This isn’t a long-term solution, but at this stage, it will suffice and it will prevent children and their families from contracting water-borne diseases, which can de deadly, particularly when you factor in that the country’s healthcare system has been brought to its knees and medicine is in short supply.
Of course, along with water, people need to eat, which means getting supplies in from overseas is critical. Distributing this food is the next step, but getting it to the hardest-hit areas presents many challenges.
A safe place to go
Almost 800 schools have been severely damaged in the 4 districts Plan is working in. Those schools left standing will mostly be used as shelters for displaced persons.
This means there will be a period now where children can’t go to school. This is extremely concerning because it breaks the routine of these children and compounds whatever anxieties they are living through.
Going through a major natural disaster like this earthquake is a very stressful experience that can lead to long-term psychological effects. We will counter this by setting up child-friendly spaces and learning environments where children can go, be safe and do all the things children like to do.
Building learning centres
We are also working to build more than 100 temporary learning centres in some of the worst affected areas, along with providing learning kits to more than a 100,000 schoolchildren to ensure as little disruption as possible to vital education. Some 600 education kits have already been sent to the affected districts of Makwanpur and Sindhuli.
Children are always the most vulnerable when a disaster happens. Many have lost family members, possessions, toys, school books and homes. The positive impact of maintaining some semblance of normality and fun can be massive.
In those child-friendly spaces and beyond, when you can talk to these children, listen to what they have to say, hear about their experiences and their hopes for the future, you will soon see that they are indeed survivors, fighters, champions – not victims.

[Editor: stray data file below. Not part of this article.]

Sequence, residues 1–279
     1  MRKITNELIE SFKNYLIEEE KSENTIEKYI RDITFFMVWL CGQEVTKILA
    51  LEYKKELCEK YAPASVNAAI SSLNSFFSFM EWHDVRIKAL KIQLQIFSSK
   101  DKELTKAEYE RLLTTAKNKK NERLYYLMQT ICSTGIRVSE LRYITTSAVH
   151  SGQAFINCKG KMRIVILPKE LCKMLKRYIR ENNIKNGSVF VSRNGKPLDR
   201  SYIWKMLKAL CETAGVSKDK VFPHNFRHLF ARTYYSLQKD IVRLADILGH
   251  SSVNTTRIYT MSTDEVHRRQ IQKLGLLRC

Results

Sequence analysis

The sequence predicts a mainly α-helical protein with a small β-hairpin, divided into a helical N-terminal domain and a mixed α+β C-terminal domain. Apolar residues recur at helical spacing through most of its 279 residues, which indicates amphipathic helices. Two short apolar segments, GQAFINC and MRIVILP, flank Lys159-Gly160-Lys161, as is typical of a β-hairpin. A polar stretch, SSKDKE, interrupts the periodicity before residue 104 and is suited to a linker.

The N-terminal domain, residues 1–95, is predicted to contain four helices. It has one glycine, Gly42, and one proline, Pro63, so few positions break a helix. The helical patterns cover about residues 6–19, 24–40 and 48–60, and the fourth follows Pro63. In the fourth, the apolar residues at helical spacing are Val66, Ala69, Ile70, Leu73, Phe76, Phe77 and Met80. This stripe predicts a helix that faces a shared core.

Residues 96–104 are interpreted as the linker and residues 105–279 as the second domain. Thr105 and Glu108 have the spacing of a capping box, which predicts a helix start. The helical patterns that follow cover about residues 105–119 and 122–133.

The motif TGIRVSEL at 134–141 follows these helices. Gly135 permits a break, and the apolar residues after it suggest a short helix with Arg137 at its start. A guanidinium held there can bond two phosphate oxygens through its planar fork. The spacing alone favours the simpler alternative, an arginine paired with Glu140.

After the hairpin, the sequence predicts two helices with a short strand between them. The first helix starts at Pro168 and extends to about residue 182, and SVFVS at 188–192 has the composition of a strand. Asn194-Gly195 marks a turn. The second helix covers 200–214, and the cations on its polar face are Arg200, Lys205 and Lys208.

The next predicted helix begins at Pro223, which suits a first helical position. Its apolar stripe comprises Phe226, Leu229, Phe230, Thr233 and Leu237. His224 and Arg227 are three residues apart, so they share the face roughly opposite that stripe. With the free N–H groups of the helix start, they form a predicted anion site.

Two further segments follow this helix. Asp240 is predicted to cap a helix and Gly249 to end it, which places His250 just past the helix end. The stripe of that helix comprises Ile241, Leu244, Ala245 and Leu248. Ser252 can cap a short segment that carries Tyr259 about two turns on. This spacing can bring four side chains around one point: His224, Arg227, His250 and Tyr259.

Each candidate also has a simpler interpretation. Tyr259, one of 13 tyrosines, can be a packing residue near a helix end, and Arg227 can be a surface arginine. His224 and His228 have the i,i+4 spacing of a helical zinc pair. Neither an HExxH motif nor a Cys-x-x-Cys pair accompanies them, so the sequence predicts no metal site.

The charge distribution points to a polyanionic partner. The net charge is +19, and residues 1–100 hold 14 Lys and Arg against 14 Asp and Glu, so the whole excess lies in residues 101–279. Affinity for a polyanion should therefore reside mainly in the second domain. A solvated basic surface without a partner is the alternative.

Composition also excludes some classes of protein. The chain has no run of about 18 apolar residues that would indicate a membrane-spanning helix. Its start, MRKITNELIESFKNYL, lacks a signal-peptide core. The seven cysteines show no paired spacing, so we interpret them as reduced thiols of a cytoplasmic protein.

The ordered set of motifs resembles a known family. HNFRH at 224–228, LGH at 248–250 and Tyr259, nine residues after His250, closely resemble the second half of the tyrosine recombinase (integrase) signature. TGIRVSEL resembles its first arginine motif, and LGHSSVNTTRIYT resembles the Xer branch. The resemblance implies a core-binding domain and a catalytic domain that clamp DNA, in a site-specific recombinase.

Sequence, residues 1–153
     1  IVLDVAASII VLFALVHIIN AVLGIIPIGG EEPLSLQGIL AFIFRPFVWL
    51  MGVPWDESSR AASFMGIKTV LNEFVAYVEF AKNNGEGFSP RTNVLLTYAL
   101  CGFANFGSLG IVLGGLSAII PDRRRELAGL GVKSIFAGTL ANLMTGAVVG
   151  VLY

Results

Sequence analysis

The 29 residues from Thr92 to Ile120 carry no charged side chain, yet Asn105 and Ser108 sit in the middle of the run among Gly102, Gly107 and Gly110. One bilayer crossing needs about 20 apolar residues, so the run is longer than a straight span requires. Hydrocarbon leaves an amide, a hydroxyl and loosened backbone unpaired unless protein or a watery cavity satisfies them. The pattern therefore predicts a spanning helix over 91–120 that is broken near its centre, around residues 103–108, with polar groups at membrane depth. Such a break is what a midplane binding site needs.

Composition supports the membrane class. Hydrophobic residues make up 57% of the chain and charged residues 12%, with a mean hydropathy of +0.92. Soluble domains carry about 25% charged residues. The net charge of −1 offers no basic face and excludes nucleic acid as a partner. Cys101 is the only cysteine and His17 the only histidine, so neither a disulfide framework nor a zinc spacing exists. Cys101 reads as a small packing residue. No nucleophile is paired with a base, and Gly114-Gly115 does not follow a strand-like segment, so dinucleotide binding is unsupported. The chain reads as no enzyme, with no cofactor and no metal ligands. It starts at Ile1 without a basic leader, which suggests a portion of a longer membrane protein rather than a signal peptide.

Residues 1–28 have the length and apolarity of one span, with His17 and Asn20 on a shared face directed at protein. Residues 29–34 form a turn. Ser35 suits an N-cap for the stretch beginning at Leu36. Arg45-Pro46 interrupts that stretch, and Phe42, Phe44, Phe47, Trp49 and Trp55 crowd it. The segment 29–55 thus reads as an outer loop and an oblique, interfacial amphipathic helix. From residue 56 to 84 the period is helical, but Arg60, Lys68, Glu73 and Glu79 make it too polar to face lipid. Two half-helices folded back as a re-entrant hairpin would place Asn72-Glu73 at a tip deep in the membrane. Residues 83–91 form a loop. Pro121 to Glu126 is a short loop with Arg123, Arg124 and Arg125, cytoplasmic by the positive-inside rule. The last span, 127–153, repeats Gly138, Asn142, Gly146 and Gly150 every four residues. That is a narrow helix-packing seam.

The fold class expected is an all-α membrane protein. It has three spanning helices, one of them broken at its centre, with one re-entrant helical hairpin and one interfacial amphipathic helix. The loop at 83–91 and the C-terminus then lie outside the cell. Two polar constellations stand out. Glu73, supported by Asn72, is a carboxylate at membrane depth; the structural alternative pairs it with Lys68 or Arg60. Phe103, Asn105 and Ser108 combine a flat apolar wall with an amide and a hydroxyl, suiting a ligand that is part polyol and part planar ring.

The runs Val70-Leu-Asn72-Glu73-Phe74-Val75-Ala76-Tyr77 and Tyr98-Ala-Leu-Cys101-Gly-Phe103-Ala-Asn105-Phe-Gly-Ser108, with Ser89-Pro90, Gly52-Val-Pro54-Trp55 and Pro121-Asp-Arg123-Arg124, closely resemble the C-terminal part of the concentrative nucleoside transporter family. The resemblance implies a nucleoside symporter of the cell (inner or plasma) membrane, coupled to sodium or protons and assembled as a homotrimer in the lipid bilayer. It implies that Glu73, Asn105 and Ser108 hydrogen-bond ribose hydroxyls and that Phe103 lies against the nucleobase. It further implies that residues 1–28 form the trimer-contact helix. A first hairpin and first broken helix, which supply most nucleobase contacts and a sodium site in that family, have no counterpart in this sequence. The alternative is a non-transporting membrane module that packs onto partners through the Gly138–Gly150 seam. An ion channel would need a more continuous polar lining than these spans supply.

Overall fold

People ask us every day what they can do to help and the answer is always the same: donate money. Money is what is needed to support the relief effort and if people don’t donate, the recovery will take a lot longer. There is no need for untrained volunteers to travel to Nepal now; they’ll only get in the way. There’s also no need to collect food, clothing and medicine to send over; most of that won’t get used. Money is what will save lives.
Plan International Nepal’s Shreeram KC blogs on the moment Saturday’s earthquake hit his community.
27 April 2015: It was about noon on Saturday and I was at home with my 2 children. I was looking at the laptop screen, when all of a sudden I saw the wall of the room shaking with a loud noise.
I had no idea what was happening, and the speed of the shocks increased and made us lose our balance. Then I knew it was an earthquake, and I caught my 2 boys and stayed with them near to a pillar, thinking it would protect us.
I didn’t think to run away from the room. I was with my kids, so I acted confident and bold and calmed both the boys, who were nervous and asking me to go out and run away. I tried to convince them and said: "Be calm, nothing will happen. We are safe."
I thought we were going to die